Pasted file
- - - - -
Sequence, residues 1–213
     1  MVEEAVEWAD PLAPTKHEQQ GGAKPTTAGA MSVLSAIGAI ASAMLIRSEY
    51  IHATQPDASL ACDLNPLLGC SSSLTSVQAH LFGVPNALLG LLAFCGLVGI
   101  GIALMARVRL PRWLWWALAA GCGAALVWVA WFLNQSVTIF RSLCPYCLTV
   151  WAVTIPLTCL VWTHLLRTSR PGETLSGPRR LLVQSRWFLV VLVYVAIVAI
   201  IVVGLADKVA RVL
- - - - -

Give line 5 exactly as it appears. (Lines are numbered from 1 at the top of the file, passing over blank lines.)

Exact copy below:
   151  WAVTIPLTCL VWTHLLRTSR PGETLSGPRR LLVQSRWFLV VLVYVAIVAI